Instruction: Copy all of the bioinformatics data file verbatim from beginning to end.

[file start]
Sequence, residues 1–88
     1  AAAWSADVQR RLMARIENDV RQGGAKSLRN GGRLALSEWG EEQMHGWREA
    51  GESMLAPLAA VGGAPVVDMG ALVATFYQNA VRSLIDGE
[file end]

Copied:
Sequence, residues 1–88
     1  AAAWSADVQR RLMARIENDV RQGGAKSLRN GGRLALSEWG EEQMHGWREA
    51  GESMLAPLAA VGGAPVVDMG ALVATFYQNA VRSLIDGE